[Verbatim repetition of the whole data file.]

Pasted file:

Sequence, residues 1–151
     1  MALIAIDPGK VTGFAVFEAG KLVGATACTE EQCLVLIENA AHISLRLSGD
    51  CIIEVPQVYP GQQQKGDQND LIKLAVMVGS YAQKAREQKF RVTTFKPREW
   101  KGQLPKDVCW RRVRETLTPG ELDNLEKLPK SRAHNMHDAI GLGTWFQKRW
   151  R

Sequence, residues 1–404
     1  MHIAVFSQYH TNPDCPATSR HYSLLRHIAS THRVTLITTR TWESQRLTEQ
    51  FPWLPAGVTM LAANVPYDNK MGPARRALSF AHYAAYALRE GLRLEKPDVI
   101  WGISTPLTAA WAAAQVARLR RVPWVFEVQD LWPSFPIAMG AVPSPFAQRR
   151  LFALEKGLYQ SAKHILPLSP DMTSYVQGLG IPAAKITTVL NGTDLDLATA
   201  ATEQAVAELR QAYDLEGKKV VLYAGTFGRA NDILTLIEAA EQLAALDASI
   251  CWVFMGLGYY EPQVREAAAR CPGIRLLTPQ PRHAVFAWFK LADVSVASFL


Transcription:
Sequence, residues 1–151
     1  MALIAIDPGK VTGFAVFEAG KLVGATACTE EQCLVLIENA AHISLRLSGD
    51  CIIEVPQVYP GQQQKGDQND LIKLAVMVGS YAQKAREQKF RVTTFKPREW
   101  KGQLPKDVCW RRVRETLTPG ELDNLEKLPK SRAHNMHDAI GLGTWFQKRW
   151  R

Sequence, residues 1–404
     1  MHIAVFSQYH TNPDCPATSR HYSLLRHIAS THRVTLITTR TWESQRLTEQ
    51  FPWLPAGVTM LAANVPYDNK MGPARRALSF AHYAAYALRE GLRLEKPDVI
   101  WGISTPLTAA WAAAQVARLR RVPWVFEVQD LWPSFPIAMG AVPSPFAQRR
   151  LFALEKGLYQ SAKHILPLSP DMTSYVQGLG IPAAKITTVL NGTDLDLATA
   201  ATEQAVAELR QAYDLEGKKV VLYAGTFGRA NDILTLIEAA EQLAALDASI
   251  CWVFMGLGYY EPQVREAAAR CPGIRLLTPQ PRHAVFAWFK LADVSVASFL